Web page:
IRANIAN PARTNERS IN NEUROSCIENCE EDUCATION WIN AWARD TO 37TH SOCIETY FOR NEUROSCIENCE MEETING IN SAN DIEGO
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NR-29-07 (10/31/07) For more information, please call DeeDee Clendenning at (202) 962-4000 or firstname.lastname@example.org
IRANIAN PARTNERS IN NEUROSCIENCE EDUCATION WIN AWARD
TO 37TH SOCIETY FOR NEUROSCIENCE MEETING IN SAN DIEGO
Armin Lak, a biology teacher in Tehran, Iran, and Mohsen Omrani, PhD, of the Institute for studies in theoretical Physics and Mathematics (IPM) in Tehran, have received a Neuroscientist-Teacher partner Travel Award to attend the Society for Neuroscience (SfN) annual meeting in San Diego, Calif., November 3-7.
This partnership program in neuroscience of one neuroscientist and one teacher, sponsored by SfN, recognizes 13 pairs for their commitment and innovative approach to bringing neuroscience into the classroom.
"Since 2003, a neuroscience cluster of the Iranian National Organization for Development of Exceptional Talents has been organizing annual neuroscience workshops for high school students," says Lak. "The most direct goal of these activities is to bring neuroscience to high schools and let students taste the real enthusiasm of brain research."
Lak and Omrani have taught students the importance of team work in science as well as arranged visits to different neuroscience laboratories in Iran. Their activities are the first attempt in Iran to connect researchers with high school students. Lak explains that they are now facing the challenge of how best to organize activities for their country's student population -- where high schools, especially ones located in towns far from the capital, have limited facilities and the result is a diverse range of knowledge among students. "One of our goals is to help interested tutors to organize local activities in their towns," says Lak.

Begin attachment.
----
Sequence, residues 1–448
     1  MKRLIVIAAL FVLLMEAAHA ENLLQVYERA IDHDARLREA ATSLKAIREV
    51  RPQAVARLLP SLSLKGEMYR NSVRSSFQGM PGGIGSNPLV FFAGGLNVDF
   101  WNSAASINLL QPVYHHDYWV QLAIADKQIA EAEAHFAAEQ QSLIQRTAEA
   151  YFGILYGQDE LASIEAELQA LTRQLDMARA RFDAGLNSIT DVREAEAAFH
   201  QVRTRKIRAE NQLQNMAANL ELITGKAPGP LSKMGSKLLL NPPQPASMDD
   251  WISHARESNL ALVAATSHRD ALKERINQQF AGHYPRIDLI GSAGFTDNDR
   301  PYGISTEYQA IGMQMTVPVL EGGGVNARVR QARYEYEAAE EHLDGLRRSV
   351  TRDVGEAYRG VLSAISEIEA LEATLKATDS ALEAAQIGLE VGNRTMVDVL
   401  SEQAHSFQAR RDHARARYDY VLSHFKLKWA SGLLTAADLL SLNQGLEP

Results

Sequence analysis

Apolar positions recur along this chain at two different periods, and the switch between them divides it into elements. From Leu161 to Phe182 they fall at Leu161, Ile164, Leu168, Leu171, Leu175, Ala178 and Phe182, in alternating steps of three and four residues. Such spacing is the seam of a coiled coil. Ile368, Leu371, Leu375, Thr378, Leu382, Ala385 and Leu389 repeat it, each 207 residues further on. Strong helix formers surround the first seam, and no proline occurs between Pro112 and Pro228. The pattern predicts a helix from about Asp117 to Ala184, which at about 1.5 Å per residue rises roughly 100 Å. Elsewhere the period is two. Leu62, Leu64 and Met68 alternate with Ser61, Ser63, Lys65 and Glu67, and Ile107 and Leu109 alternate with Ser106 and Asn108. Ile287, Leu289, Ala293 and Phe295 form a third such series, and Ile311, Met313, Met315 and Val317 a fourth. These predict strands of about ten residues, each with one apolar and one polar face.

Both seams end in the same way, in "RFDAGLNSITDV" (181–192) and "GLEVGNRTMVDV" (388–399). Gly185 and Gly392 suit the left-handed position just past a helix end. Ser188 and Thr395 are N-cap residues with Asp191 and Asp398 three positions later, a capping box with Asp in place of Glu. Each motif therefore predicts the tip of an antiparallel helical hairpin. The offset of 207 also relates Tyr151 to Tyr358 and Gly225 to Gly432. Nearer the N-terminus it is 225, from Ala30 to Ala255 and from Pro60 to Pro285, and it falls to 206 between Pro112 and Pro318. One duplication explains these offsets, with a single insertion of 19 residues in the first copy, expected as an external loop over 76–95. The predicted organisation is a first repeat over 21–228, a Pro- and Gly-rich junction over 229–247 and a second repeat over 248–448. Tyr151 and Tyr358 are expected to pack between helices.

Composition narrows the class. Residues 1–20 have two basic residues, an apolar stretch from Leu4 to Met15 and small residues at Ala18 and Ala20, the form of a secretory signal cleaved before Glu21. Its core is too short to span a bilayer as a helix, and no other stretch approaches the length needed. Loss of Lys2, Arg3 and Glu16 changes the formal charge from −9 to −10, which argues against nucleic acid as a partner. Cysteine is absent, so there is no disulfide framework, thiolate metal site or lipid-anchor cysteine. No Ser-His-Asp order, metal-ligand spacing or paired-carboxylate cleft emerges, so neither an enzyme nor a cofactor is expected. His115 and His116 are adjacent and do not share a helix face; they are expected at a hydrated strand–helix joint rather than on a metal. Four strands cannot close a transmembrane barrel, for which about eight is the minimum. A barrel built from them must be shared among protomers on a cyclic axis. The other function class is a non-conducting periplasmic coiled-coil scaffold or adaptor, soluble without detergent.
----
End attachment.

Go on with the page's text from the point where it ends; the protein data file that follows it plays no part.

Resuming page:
Lak and Omrani have also worked with Baktash Babadi, PhD, and Seyed Reza Afraz, PhD, of IPM, and will be presenting their experiences on teaching high school students neuroscience in an abstract during the meeting.
In addition to receiving unlimited access to the meeting's thousands of sessions and forums, the awardees have been invited to attend a number of special events. Lak, Omrani, and the other educators will also be honored at a meeting of SfN's Public Education and Communication Committee.
The goal of the award is to further partnerships between research and educational communities. "The travel award program is an example of the Society's commitment to explaining basic scientific processes -- how research leads to discovery and how discovery leads to treatments, cures, and healthy choices at all stages in life," says Society for Neuroscience Public Education Director, Colleen McNerney. "This program provides encouragement and visibility to the Society's members to embrace and contribute to this work, demonstrating the value of scientists and teachers working in partnership."
Roughly 30,000 scientists from around the world will attend SfN's annual meeting to present and discuss the latest advances in neuroscience research. The meeting will feature more than 16,400 presentations covering topics ranging from stem cell research to basic human behavior.
The Society for Neuroscience, with more than 38,000 members, is the largest organization of researchers and clinicians studying the brain and nervous system.